current agenda is to go towards an evergreen revolution with full support of the government. Regions like Northeast India, being the last frontier to the Indian post-development planning, await this attention eagerly. But, are they ready for this? A government commissioned study as was reiterated by Guy Dauncey in Canada should be the first step. A haphazard adoption of organic farming will not only jeopardize the ethical component of going organic, but will also uproot and destabilize prospects of agroecology in one of the most deserving regions of the world. Right now, there are a number of unorganized endeavours towards organic farming by private entrepreneurs and local farmers. However, in the absence of awareness and commitment to organic food; coordination and networking between farmers and consumers; and community and institutional support for farms to be self-sustaining in terms of seeds, storage, marketing and brand building, organic farming in Assam and North East India as
a whole may never see the dawn of success.

In fact, even when industrial manufacturing backed by large corporations has tried to transition to sustainable practices, it has found itself bitterly overthrown. For example, in Assam in the year 2006-07, in an experiment undertaken by Dhekiajuli Tea Estate owned by Parry Agro Industries Ltd, a corporate conglomerate tried to implement sustainable agricultural practices pertaining to production techniques in tea cultivation. The initiative was taken by the local management primarily to address the hazardous impact of toxicity in the local environment, particularly soil and water quality. The impact on the health of the resident labour population made the management sit up when they found a significant rise in the number of lung diseases, skin infection, and birth deformity among workers. I first visited the tea garden in 2007 to conduct fieldwork with my students from the Indian Institute of Technology, Guwahati, who had registered for my course “Concepts and Ideologies in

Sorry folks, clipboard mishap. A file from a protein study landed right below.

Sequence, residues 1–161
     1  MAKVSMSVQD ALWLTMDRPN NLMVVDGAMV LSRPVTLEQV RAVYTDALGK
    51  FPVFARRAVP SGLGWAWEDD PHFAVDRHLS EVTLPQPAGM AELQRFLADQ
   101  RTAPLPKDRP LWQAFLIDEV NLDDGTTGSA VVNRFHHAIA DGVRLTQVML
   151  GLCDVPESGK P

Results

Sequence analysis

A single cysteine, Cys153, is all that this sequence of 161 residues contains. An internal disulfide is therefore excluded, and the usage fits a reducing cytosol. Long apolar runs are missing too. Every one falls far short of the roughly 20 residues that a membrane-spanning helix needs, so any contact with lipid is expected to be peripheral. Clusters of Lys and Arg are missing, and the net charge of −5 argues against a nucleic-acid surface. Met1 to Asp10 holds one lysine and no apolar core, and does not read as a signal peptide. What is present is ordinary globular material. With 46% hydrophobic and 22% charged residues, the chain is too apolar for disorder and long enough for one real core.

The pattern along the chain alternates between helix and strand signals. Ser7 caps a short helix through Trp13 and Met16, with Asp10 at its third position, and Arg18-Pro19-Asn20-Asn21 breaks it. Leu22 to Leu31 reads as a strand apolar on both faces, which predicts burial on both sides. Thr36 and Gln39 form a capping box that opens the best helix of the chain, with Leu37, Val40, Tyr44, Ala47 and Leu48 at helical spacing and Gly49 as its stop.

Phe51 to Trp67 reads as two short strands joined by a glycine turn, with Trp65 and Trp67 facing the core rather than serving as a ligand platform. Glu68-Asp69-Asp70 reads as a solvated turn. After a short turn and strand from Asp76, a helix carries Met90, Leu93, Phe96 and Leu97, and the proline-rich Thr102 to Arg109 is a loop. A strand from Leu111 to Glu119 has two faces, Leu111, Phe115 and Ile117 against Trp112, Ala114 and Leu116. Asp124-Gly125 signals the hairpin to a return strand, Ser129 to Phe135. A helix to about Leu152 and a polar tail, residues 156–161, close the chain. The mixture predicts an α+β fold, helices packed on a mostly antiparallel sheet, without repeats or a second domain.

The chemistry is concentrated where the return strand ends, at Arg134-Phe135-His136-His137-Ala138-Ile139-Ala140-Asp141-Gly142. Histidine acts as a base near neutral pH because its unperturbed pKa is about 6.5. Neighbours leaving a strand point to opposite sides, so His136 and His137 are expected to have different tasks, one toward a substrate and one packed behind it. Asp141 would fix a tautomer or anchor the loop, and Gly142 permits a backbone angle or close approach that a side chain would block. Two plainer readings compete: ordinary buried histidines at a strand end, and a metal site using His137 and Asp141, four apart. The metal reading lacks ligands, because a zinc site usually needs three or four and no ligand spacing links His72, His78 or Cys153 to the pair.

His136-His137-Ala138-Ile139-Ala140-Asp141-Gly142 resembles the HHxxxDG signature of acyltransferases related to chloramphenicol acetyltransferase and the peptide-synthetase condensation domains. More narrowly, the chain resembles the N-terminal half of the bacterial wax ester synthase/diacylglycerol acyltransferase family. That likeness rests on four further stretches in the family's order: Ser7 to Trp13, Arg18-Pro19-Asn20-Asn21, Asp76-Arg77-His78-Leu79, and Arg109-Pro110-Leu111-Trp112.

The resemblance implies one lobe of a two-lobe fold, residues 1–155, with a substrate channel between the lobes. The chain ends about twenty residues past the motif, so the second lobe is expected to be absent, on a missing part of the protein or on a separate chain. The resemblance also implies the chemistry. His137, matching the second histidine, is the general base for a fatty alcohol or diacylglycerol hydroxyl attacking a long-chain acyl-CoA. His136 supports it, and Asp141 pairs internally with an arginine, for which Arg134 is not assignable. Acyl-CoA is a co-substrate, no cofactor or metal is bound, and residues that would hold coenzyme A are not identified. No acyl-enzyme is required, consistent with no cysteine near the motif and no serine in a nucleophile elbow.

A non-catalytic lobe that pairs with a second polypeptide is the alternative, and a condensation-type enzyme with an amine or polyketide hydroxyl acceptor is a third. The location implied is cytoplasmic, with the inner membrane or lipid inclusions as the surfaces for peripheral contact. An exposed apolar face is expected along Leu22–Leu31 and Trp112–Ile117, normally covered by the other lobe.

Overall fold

Social Life,” where sustainability and sustainable development as a conceptual paradigm from sociological perspective was explored. The experience for us was positive, and the optimism of the management and workers was contagious and motivating for the young technocrats of future India. The management was committed to a market-driven, competitive industrial manufacturing process but steered their motivation with a parallel experiment of vermicompost, agnihotri yajna, Panchgavya or cowpathy, Amrit pani or fermented cowdung which generates about 250 kinds of beneficial bacteria and other localized and organic pest control and fertiliser techniques to promote sustainable industrial growth with low chemical impact. Sources of Indigenous knowledge such as Vrikshayurveda were systematically explored to unearth traditional organic practices in farming and agriculture. The cultural worldview of environmental sustainability embedded in our traditional knowledge about agricultural practices